2. Fires: The unplanned emergencies that demand your attention here and now. A key client who needs your immediate attention or a staff member who quits. Most fires are urgent and important and require you to deal with them quickly. What good design can do here is to reduce the system friction and help you prevent many of these fires from sparking to begin with.
  3. Interruptions: All of the beeps, buzzes, or alerts you get from your email, text, and other productivity tools. Or, the phone calls or drop in visitors who pull you fracture your time into smaller slivers. Good design can help you aggregate your slivers of time into higher value blocks.

Those three time-demands probably make up the vast majority of your weekly schedule. And that's where your problem is. All of those activities are reactive. This means that your schedule is out of your control. If you want to take back your time, you need to become intentional about how you schedule it. You need to redesign your workweek with these 5 design-based strategies:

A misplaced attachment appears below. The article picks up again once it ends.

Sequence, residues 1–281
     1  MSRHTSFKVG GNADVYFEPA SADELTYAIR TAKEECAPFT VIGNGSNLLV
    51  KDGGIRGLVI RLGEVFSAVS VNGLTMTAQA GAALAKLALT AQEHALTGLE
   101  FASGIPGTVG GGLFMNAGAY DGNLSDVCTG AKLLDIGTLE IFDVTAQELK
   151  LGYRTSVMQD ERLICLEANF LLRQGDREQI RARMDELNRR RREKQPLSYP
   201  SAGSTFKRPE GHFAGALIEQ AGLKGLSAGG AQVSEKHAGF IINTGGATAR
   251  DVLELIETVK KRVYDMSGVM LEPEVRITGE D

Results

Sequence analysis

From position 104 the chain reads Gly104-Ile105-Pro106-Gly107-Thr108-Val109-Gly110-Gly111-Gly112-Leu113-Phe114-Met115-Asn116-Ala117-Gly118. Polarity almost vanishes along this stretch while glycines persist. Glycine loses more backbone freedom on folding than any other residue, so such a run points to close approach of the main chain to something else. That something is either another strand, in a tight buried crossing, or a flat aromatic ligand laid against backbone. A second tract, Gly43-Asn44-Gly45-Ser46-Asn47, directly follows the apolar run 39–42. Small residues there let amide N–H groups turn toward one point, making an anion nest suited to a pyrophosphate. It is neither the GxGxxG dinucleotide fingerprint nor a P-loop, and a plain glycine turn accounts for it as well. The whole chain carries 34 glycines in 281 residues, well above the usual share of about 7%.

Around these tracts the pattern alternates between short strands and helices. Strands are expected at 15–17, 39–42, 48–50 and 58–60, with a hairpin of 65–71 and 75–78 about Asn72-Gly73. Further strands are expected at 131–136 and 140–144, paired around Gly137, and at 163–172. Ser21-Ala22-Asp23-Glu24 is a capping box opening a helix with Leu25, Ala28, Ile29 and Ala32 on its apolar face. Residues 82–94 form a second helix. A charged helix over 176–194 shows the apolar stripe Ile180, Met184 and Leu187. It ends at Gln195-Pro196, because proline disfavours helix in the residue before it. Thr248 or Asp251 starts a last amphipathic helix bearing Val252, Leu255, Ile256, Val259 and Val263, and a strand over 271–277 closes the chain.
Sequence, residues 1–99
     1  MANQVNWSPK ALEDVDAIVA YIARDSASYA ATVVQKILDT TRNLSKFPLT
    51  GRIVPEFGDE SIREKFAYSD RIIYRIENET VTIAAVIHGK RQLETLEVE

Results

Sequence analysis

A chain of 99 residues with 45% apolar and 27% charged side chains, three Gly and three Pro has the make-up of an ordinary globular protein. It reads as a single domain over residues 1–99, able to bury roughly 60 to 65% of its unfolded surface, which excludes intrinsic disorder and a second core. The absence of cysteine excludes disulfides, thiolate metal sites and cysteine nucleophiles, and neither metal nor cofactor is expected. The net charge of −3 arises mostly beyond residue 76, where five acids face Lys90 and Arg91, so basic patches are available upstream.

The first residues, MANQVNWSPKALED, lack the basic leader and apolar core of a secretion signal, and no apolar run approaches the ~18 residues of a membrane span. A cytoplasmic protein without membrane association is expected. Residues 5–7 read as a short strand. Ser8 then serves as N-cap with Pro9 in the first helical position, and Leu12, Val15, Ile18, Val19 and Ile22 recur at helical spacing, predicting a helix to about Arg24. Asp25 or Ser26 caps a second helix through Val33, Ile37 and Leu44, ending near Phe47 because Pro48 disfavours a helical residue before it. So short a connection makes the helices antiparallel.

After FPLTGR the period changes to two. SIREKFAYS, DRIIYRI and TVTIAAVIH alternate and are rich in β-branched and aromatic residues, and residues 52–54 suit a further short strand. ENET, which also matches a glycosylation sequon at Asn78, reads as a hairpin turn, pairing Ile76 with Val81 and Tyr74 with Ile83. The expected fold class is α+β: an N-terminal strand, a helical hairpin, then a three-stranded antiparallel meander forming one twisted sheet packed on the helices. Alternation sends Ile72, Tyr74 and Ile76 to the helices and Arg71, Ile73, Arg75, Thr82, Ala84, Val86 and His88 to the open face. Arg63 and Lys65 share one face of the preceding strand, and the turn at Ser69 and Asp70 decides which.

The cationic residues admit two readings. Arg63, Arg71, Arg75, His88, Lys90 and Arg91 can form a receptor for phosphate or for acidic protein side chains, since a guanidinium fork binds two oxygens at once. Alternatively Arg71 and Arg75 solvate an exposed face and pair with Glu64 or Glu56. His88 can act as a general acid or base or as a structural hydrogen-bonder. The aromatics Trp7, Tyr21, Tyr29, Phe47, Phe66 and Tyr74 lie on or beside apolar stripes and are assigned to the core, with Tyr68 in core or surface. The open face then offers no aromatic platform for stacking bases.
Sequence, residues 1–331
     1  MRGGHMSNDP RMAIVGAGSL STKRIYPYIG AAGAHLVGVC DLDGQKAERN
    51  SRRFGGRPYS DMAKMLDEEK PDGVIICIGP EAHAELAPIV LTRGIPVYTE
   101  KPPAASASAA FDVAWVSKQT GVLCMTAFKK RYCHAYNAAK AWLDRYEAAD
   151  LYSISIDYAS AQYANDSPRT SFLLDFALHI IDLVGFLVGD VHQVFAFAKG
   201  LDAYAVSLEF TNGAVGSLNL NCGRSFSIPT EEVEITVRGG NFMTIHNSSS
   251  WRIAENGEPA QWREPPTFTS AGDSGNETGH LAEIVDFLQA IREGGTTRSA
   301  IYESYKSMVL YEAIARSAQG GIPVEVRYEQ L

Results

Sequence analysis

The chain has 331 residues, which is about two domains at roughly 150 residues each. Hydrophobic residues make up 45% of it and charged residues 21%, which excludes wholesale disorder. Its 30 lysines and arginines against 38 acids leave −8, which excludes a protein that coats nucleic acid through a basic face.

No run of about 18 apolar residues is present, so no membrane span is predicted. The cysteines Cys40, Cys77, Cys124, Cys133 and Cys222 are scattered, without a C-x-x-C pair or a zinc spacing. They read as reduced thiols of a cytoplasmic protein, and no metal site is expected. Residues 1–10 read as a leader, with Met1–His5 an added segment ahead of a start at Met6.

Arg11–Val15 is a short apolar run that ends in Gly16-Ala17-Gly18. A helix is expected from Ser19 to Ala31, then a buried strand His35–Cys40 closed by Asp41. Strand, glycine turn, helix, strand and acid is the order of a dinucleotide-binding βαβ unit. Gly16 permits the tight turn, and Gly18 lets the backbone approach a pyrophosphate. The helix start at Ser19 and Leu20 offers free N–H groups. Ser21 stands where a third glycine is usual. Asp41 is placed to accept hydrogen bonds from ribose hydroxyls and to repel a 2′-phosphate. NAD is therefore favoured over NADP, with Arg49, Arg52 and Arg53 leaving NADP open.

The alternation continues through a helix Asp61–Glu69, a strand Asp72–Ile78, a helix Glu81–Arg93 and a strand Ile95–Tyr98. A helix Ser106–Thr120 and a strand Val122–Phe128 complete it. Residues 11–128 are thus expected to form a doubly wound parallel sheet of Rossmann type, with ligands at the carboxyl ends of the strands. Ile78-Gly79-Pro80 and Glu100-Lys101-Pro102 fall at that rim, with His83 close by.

1. Restructure your week.

When your schedule is reactive, you don't get time to focus. Most of your work gets done in five-to-15-minute windows that open up between meetings, calls, emails, and emergencies. But you can't create real value in slivers of time. You need to give yourself space to put your best attention on your most important projects. So I'm going to share with you two tools that do that: I call them "Focus Time" and "Prime Time."

To create Focus Time, pick one day a week as your Focus Day. Then block out two to four hours that you're going to set aside on that day every week to focus on your highest-value projects. Create a recurring calendar event to reserve that time.